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Tesco CEO’s near £10m pay a ‘slap in the face’ for struggling workers, union says

<span>Murphy missed out on 5% of his potential annual bonus after Tesco missed targets on cutting food waste.</span><span>Photograph: Nathan Stirk/Getty Images</span>
Murphy missed out on 5% of his potential annual bonus after Tesco missed targets on cutting food waste.Photograph: Nathan Stirk/Getty Images

Tesco has been accused of giving struggling workers a “slap in the face” after the UK supermarket’s boss earned almost £10m last year as profits soared during the cost of living crisis.

Ken Murphy was given £9.9m in pay and perks, more than double the previous year and thought to be the most ever for a Tesco boss, beating £7m-plus paydays for the former chief executive Sir Terry Leahy.

More than half of Murphy’s payout relates to a long-term bonus worth three times his basic salary paid in shares that must be held for at least two years. A further £3.4m annual bonus is linked to sales, profits and individual objectives, according to Tesco’s annual shareholder report, which was published on Tuesday.

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The increase in total pay means that Murphy now earns more than 430 times the average pay at Tesco, up from a multiple of 197 in the previous year. He is one of the best-paid executives among the leading FTSE 100-listed companies, although still well behind the £18.7m that the best paid – the AstraZeneca boss Pascal Soriot – could earn this year.

Tesco, which owns the Booker grocery wholesaler and runs stores in eastern Europe and the Republic of Ireland as well as the UK, last month revealed pre-tax profits had soared by 159% to £2.3bn – the highest in more than a decade – in the year to 24 February. Sales rose 7.4% to almost £61.5bn, led by strong expansion online and in large stores.

Sharon Graham, the general secretary of the Unite union, said: “Ken Murphy’s £5m wage increase is a slap in the face to the millions of struggling workers and their families who paid for it through higher food bills. The fact is, Tesco has taken advantage of the cost of living crisis to rake in obscene profits, and it is far from the only one.”

Luke Hildyard, the executive director of the High Pay Centre thinktank, added that Murphy’s pay gap with a typical employee was the third highest since pay ratio reporting began five years ago.

He said: “You couldn’t really get a better indicator of how the UK economy serves the interests of the super-rich at the expense of everybody else than this – a multimillionaire chief executive trousering another £10m while their customers endure major price rises and their employees have to get by on less than a quarter of a per cent of what the CEO takes home.”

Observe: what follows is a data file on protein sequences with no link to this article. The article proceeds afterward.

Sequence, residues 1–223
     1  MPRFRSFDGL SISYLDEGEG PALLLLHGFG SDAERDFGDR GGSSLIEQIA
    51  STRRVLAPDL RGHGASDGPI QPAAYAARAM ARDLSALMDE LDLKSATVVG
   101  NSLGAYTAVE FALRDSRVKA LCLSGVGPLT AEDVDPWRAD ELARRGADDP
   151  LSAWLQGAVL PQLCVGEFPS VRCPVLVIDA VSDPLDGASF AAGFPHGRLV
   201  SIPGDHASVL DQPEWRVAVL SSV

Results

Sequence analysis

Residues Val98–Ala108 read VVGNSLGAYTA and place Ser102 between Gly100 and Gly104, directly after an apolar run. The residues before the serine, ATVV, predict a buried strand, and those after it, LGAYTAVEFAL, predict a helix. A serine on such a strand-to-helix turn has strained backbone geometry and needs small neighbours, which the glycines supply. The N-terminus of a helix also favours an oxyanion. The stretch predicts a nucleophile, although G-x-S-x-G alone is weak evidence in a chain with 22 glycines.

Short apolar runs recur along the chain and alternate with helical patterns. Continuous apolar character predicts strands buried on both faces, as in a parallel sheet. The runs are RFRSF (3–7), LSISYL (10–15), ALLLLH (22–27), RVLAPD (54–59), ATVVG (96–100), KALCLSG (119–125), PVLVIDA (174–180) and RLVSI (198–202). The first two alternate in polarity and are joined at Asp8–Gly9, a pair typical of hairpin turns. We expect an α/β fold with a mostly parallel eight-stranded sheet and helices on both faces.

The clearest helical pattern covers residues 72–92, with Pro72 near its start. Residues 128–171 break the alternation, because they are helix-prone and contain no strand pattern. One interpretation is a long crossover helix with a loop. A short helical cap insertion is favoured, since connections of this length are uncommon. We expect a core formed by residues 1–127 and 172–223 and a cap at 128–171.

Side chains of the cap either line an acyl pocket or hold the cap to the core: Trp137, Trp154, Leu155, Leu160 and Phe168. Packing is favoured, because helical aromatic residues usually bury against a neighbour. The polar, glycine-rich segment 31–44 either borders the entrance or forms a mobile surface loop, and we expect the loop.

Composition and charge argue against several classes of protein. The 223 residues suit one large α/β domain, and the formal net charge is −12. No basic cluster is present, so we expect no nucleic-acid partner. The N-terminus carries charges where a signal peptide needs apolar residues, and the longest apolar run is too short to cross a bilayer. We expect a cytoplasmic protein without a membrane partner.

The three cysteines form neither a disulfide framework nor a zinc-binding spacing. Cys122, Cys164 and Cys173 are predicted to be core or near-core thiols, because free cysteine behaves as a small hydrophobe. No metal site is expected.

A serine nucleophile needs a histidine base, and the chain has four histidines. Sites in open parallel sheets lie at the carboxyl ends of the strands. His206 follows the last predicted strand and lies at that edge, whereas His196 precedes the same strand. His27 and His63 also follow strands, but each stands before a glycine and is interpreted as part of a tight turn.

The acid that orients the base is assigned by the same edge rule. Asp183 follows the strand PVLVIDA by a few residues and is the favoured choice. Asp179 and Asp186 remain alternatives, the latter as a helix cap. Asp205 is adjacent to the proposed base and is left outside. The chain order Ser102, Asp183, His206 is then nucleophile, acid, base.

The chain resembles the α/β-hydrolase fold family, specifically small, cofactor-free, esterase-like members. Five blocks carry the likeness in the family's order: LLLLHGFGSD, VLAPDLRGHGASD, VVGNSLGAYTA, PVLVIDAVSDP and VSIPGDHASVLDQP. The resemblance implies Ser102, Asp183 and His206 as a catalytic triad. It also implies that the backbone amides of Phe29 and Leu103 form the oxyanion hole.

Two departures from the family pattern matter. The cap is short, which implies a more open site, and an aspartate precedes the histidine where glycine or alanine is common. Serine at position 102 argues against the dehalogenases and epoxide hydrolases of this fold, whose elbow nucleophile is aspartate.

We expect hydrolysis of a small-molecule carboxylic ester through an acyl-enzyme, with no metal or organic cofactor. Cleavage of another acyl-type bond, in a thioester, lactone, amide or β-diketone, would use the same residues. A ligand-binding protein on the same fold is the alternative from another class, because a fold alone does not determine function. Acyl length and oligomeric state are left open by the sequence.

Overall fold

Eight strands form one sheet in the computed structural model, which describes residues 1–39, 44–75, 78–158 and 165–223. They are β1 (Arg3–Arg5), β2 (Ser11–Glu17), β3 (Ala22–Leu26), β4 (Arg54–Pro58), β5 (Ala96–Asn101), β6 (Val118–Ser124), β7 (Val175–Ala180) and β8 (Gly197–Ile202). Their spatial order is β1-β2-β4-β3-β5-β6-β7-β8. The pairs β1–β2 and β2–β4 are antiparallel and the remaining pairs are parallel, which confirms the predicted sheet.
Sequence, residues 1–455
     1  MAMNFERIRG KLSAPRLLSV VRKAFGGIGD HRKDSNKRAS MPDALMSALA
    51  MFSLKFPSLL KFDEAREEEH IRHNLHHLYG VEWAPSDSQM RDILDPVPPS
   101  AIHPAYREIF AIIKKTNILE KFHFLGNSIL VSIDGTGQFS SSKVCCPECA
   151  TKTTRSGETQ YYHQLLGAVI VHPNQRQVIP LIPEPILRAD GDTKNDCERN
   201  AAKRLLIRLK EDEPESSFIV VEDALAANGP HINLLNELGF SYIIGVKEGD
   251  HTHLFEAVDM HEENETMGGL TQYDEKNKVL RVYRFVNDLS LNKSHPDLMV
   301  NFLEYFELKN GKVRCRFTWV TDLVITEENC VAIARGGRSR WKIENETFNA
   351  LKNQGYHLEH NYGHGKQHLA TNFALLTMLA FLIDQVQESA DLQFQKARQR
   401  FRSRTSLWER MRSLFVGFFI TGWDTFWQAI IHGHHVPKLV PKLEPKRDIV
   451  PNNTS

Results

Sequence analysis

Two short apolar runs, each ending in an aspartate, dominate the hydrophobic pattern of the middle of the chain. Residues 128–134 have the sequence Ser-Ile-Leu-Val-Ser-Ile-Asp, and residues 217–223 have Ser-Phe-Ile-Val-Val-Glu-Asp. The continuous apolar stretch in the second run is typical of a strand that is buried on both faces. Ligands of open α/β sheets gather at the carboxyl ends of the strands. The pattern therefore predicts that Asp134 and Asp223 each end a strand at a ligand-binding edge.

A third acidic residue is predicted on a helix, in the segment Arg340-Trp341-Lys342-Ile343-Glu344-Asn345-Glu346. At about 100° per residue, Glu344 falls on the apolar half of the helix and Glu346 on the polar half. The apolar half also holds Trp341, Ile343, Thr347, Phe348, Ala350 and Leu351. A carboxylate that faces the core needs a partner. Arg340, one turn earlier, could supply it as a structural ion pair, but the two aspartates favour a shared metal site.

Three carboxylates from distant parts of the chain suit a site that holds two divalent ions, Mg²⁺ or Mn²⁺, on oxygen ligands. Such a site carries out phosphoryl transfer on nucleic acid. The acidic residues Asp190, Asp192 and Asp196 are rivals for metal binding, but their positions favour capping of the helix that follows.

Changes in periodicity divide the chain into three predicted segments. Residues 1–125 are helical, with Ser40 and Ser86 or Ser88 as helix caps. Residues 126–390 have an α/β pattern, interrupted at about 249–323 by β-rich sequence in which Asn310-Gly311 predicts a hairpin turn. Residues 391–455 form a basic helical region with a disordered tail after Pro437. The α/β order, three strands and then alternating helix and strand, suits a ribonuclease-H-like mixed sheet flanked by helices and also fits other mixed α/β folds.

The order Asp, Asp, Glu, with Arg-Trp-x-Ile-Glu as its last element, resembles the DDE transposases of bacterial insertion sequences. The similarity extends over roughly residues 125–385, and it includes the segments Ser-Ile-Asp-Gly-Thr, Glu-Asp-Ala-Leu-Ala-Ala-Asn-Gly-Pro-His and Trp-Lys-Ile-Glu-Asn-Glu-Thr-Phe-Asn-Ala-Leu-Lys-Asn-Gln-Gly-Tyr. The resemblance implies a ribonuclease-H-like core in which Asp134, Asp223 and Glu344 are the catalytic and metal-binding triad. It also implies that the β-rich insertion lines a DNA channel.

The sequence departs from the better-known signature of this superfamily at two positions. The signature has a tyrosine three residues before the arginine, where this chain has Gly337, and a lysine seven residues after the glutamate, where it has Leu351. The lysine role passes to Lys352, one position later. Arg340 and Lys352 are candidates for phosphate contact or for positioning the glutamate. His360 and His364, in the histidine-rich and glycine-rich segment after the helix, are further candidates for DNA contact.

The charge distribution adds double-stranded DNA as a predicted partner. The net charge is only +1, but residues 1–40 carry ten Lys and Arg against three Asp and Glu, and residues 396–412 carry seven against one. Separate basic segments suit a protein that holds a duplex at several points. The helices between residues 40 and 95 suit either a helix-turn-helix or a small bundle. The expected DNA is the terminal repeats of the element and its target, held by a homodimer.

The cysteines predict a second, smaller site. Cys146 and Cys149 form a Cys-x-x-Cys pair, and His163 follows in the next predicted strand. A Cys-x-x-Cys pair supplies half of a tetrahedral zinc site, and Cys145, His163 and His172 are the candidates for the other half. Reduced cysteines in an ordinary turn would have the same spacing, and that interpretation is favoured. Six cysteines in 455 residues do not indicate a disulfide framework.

Murphy missed out on 5% of his potential annual bonus, or £176,000, after Tesco missed targets on cutting food waste, while his fixed pay slipped to £1.6m from £1.7m a year before, after the company stopped subsidising his commuting.

Alison Platt, the chair of Tesco’s remuneration committee, said Murphy’s pay was benchmarked against pay for other FTSE 50 companies and other comparable international businesses. “This pay award reflects the fact Tesco has delivered for all of its stakeholders over the last year – from its most competitive-ever customer offer to its record investment in colleague pay.

“A large proportion of the total package has been achieved because the business met stretching targets in a highly competitive sector and worked to create value for customers, colleagues, suppliers, communities and shareholders.”

This year, Murphy’s basic salary rises 3% to £1.46m from £1.41m, so he could earn more than £9m again. The figures have emerged after Tesco was condemned by some staff as a month-long delay to a promised pay rise at the supermarket left them on less than the minimum wage, while saving the supermarket more than £17m.

About 220,000 staff shared a £70m “thank you” payment after the rise in profits, equivalent to 1.5% of annual pay, with a full-time shop worker expected to receive about £300.

The report also shows long-term share bonus payouts for the former boss of Tesco Dave Lewis and the former finance director Alan Stewart, who received shares worth almost £1.6m and £1.7m respectively in the past year based on performance while they were in the business.